Offgrid Preparation Ranger Roll to Lift an Unconscious Casualty in Seconds
This video from Forgotten Weapons shows a secret weapon created by...
Have you ever tried to lift the full weight of one of your friends? It's a difficult task. Due to the awkward distribution of weight and flexible nature of the human body, it's nothing like deadlifting weights in a gym. This difficulty only increases if your friend is out cold, completely limp, and unable to assist you. In that case, you're essentially trying to lift a 150- to 200-pound sack of potatoes off the ground.
Now imagine you're being shot at while you attempt this task, and your friend is wearing 75 pounds of additional armor and gear.
This extreme scenario can be a reality for members of the military, and it led to the development of a rescue technique called the ranger roll. Rather than attempting to drag the battlefield casualty slowly to shelter, or employing a second person to help with the weight, the ranger roll lets a single individual lift an unconscious casualty into a fireman's carry position.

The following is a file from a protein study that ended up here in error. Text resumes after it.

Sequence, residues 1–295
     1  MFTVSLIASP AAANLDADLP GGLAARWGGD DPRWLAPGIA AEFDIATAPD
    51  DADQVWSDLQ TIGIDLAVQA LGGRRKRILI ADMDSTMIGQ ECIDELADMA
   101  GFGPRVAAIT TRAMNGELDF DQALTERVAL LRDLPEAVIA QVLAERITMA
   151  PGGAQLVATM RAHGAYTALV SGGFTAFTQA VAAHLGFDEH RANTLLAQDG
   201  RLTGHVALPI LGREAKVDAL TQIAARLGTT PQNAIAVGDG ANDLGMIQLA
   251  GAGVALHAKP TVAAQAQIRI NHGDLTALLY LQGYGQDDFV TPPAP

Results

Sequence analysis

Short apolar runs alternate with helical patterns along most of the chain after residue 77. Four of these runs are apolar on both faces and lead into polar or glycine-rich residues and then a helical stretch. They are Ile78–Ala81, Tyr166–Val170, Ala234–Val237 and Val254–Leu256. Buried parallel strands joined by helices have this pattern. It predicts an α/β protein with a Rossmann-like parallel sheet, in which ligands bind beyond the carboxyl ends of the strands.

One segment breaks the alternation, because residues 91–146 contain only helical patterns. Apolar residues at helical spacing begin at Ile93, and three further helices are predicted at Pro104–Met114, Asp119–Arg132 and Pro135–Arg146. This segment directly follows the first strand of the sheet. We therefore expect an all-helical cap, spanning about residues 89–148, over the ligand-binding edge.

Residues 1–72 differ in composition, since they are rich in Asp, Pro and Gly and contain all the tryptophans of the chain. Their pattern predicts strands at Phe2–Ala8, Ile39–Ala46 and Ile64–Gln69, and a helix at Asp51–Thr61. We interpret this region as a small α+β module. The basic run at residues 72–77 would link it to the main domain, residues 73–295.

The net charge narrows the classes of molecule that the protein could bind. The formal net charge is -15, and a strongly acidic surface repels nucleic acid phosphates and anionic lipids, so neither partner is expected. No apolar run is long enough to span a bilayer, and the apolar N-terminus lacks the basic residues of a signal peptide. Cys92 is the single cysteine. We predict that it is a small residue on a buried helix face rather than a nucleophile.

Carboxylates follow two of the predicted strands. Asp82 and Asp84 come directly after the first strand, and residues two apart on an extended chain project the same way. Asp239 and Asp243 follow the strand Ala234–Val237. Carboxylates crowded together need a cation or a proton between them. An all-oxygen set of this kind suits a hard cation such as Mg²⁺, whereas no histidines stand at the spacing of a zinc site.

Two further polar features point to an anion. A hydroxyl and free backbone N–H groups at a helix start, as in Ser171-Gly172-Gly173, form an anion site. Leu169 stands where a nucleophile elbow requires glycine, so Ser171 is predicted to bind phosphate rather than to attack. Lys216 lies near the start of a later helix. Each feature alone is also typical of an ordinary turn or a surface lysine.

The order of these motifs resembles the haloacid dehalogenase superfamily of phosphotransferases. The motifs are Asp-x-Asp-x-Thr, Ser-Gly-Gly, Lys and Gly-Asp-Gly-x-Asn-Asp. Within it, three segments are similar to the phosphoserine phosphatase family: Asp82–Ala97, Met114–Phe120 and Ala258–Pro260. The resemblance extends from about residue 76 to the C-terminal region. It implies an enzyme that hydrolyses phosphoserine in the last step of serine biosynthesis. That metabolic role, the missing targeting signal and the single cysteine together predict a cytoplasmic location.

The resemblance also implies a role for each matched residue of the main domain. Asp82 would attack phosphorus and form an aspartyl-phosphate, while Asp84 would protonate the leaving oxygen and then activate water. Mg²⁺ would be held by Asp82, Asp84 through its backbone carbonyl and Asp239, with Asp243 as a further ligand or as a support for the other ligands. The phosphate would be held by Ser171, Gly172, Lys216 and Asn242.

Wil Willis spent four years as an Army Ranger and about ten years as an Air Force Pararescueman. He's also the host of History TV show Forged in Fire. When he's not on a TV set, he works as a personal trainer and tactical emergency trauma specialist, teaching students how to deal with major medical issues during intense combat situations.
In the video below, Wil illustrates two concepts to his students. First, he proves how difficult it is to lift a limp body off the ground and onto your shoulders. Second, he demonstrates the ranger roll technique, and shows how it uses momentum to roll the body onto his shoulders. It's 7 minutes long, but certainly worth watching (and pretty humorous, too). Note: Video contains some NSFW language.
As noted by one of Wil's students, if you pull off this move on video during a real emergency, you'll be a YouTube sensation. Seriously though, if you think you may need to use this technique someday, find a patient friend and start practicing. It sure beats trying to dead-lift 200 pounds of “pudding with sticks in it”.
Thanks to Cameron C. for sending us a link to this video.